The lost sheep and the lost coin

Sermon preached at unknown location – but the manuscript is appended ‘Swindon’; exact date unknown, but headed “Trinity 5” so likely to be in July.

You’re on the bus. Suddenly you find that you are one penny short of the fare. You look in your pockets. You turn out your purse. Very embarrassing. All the people behind you in the queue are becoming more impatient. That one penny becomes the most important; all the others just aren’t enough, however many you may have. Then at last, you find one under some old toffee papers. Oh, the relief! Oh, the joy! You can sit down and enjoy the journey. How important is one penny.

People are important, too. Let’s suppose you’ve had a row with your teenage daughter. She has stormed out of the house at eleven o’clock at night, promising never to come back. Do you go to bed? Do you say to yourself, “oh, she’ll come back. There’s nothing for me to do”? No. You wait up, worried and anxious. Perhaps you go out into the dark streets and call her. You do this, because you love her.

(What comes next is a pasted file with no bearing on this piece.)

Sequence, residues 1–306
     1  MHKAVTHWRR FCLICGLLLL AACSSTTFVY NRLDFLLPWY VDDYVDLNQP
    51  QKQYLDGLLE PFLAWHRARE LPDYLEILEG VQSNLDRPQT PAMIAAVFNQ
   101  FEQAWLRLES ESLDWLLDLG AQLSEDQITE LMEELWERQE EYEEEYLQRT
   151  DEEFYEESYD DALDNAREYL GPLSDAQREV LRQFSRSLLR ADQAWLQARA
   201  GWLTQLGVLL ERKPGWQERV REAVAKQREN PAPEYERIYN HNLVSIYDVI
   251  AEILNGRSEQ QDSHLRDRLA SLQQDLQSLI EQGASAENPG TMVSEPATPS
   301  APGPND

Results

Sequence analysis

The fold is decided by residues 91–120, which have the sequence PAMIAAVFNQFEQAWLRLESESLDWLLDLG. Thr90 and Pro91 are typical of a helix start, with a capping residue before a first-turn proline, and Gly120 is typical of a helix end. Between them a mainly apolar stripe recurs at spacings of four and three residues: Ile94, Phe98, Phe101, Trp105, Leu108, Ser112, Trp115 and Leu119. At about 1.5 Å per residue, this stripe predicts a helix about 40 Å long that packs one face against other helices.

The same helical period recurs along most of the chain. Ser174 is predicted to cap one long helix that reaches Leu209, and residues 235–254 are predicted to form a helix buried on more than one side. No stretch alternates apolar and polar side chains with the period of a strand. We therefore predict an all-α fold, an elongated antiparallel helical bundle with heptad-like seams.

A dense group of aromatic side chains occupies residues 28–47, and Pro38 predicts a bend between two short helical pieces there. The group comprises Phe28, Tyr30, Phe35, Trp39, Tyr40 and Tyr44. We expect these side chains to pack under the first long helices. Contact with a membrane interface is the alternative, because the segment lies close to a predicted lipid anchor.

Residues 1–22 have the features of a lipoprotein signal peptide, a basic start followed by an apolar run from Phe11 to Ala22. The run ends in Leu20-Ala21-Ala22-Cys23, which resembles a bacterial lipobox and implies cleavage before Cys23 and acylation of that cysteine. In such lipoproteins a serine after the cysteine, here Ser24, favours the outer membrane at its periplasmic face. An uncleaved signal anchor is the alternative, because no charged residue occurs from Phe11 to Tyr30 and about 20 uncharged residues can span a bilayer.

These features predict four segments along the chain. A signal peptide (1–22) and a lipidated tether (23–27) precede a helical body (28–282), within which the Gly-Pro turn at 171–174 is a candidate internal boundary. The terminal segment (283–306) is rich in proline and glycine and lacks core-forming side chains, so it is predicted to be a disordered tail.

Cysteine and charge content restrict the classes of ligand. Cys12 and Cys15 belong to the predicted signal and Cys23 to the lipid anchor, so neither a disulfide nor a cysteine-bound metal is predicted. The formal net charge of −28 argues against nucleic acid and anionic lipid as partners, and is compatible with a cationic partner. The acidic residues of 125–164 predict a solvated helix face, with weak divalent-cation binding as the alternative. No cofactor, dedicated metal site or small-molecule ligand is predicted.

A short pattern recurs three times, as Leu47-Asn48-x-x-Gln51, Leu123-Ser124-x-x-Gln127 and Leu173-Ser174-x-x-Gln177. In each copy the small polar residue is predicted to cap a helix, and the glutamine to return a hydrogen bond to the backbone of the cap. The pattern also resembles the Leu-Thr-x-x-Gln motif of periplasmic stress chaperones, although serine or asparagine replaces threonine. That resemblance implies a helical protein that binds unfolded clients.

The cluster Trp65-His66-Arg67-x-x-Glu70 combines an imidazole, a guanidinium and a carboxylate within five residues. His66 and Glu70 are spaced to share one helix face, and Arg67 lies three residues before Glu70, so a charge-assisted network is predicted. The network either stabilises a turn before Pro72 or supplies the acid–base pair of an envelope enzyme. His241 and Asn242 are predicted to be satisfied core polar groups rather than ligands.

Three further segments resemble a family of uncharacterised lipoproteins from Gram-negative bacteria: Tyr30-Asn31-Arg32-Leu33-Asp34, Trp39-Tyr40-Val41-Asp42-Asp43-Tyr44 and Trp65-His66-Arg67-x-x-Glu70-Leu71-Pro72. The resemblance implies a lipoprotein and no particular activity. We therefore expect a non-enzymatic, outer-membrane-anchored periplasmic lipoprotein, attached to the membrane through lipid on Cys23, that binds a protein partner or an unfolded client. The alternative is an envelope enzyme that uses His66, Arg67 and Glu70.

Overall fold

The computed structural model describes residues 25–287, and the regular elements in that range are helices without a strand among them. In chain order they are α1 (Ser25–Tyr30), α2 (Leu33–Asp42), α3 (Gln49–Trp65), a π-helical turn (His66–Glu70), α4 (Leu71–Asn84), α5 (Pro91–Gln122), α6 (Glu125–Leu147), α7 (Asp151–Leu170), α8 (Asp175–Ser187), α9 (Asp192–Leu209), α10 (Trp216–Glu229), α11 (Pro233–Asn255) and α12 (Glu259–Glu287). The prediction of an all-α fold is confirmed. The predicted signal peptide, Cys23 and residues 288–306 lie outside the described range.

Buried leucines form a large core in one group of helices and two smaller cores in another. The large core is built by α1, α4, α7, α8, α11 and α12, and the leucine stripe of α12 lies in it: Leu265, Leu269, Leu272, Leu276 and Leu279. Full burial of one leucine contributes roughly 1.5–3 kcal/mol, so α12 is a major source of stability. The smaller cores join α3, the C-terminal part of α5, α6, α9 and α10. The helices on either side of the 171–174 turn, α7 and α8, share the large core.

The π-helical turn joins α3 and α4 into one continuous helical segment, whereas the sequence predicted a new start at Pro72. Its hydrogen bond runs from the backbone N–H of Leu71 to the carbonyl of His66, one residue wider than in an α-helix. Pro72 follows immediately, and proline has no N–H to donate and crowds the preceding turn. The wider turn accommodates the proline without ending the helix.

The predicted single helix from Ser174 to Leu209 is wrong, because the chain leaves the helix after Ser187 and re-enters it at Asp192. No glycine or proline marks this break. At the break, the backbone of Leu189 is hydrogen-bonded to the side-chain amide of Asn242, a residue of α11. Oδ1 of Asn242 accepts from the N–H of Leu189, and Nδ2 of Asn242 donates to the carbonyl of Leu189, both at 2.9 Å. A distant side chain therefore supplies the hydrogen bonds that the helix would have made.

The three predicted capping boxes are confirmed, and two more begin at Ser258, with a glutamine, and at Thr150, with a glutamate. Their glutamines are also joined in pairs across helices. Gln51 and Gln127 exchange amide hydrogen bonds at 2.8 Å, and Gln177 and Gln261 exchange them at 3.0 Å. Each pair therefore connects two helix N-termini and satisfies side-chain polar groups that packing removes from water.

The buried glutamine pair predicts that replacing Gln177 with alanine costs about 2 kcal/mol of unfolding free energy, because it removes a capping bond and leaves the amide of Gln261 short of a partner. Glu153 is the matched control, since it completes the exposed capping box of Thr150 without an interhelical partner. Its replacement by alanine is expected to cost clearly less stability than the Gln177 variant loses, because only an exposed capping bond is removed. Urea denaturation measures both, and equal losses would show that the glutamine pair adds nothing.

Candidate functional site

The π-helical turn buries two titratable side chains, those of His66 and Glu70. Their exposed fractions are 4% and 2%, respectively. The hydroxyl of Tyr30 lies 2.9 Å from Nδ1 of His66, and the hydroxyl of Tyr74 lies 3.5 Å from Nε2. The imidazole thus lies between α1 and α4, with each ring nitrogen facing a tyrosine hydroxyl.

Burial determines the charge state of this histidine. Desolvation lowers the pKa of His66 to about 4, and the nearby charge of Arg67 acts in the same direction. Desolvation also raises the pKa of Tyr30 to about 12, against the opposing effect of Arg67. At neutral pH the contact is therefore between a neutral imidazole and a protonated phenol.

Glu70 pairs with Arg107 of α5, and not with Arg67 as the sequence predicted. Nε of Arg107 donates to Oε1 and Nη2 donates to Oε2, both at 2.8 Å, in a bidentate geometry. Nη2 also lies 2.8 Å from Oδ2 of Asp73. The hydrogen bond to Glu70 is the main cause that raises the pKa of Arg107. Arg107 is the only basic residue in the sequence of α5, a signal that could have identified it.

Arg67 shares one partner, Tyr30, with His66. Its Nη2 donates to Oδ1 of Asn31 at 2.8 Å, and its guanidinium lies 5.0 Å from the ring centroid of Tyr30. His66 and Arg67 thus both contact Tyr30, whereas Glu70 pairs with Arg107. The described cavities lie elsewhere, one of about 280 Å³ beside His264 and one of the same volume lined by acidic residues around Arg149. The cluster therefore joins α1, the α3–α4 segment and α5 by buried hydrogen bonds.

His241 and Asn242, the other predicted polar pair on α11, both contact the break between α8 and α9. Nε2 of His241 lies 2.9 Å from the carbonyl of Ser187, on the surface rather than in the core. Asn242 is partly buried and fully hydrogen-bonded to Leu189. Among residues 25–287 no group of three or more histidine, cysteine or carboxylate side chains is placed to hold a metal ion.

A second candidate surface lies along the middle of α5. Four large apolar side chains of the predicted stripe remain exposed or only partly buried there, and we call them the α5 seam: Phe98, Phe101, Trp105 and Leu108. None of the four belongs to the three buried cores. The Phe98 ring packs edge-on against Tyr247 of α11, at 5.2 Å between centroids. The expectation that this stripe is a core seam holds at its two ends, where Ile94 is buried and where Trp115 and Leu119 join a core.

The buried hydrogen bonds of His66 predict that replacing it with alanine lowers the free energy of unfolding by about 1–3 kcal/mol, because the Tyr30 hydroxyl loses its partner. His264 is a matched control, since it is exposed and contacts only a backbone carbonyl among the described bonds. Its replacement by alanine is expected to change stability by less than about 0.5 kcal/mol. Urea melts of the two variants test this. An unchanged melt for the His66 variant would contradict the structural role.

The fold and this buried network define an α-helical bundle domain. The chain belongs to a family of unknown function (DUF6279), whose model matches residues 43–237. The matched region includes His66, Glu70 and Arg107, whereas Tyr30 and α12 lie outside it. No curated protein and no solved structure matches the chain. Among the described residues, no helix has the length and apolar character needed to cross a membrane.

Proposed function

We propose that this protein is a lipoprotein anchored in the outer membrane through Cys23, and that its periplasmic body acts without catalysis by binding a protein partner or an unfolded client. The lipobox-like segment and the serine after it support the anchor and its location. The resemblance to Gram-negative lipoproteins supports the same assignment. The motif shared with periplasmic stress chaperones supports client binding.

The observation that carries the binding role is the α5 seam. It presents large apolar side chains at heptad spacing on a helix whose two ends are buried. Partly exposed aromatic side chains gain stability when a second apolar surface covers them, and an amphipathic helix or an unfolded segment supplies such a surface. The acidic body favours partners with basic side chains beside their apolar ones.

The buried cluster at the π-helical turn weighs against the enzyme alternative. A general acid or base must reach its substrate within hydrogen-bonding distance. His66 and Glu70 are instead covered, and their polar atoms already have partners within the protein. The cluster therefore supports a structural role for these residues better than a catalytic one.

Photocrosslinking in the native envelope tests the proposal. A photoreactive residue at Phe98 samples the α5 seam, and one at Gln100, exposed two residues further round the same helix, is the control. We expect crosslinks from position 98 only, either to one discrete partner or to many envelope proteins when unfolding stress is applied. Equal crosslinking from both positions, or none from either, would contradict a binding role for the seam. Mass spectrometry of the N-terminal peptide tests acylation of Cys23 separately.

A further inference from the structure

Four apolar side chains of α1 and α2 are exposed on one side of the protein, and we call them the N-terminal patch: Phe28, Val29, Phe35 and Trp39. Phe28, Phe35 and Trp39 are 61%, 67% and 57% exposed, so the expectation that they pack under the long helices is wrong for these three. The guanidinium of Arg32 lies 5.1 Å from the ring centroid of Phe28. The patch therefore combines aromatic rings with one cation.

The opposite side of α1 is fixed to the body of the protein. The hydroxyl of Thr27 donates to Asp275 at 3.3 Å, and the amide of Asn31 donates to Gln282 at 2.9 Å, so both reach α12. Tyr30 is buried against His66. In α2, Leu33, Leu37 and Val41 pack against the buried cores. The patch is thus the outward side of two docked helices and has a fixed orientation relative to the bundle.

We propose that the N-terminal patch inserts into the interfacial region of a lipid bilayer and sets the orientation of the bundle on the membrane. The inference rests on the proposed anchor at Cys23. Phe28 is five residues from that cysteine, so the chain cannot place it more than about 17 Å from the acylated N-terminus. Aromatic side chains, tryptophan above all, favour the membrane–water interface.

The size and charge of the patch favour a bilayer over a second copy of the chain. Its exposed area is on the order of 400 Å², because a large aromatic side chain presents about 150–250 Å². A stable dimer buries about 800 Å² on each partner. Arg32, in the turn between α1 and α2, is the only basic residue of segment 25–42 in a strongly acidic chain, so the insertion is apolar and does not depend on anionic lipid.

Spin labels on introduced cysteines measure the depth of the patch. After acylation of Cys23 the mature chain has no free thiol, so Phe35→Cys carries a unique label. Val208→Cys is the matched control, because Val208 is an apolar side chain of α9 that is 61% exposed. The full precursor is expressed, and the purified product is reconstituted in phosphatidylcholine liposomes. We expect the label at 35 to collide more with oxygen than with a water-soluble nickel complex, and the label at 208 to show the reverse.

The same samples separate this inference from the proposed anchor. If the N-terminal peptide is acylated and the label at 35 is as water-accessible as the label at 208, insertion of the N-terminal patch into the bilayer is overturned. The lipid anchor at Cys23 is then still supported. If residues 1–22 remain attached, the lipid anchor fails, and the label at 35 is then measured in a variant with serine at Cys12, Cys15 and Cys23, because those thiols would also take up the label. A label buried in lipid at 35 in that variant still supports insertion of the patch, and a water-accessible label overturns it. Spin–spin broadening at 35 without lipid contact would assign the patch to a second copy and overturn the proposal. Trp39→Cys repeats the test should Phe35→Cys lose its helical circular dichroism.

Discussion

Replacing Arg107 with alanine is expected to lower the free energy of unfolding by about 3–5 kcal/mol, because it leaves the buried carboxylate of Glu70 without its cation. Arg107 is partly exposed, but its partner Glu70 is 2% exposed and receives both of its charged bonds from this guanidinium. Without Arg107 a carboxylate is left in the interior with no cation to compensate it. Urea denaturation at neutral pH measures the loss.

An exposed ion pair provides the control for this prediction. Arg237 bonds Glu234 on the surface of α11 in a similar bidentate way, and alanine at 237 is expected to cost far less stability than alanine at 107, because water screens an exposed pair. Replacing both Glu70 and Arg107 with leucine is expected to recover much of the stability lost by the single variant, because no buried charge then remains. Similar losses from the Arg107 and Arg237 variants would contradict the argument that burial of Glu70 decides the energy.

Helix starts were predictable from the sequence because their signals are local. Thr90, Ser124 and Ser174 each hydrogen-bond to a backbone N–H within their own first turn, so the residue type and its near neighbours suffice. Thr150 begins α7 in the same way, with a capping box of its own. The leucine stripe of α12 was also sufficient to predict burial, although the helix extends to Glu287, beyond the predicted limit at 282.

But what about people you don’t like? Can you do the same for them? The outcast is hardest to love. We all have to deal with unpleasant and difficult people. Their nastiness is often a silent plea for love – but often the heart is closed. A horrid man is often one who has never learned nor been able to love himself. Never having received love, he cannot give it to others.

Like the lost sheep, he has wandered away from his fellows and no longer has the joy of fellowship nor the support of brotherhood. Only the good shepherd cares enough to find him. He goes out to where the sheep is. He does not stand at the door of the sheepfold vainly calling for him to come home. He looks and searches to find him where he is, and then carries him to where he should be. Even more, he rejoices and invites others to share that joy.

Do we do the same for people? Our society is very good at punishing the offender, the sheep gone astray, but we are very bad at receiving back into our lives the newly-released prisoner.

How about the friend who has hurt you? Do you look out for your friend, invite him back to your home? Do you wait instead for him to come and apologise? Who is the first to make it up after a family row? Do you say to yourself, “he started it, he must do it first”?

Only your love for him will help him to realise that he is in fact loveable and valuable to you. That’s very hard, but no less than the full demand of the Gospel. “Because you cannot do all this in your own strength, pray earnestly for the Spirit to give you the strength you need.”

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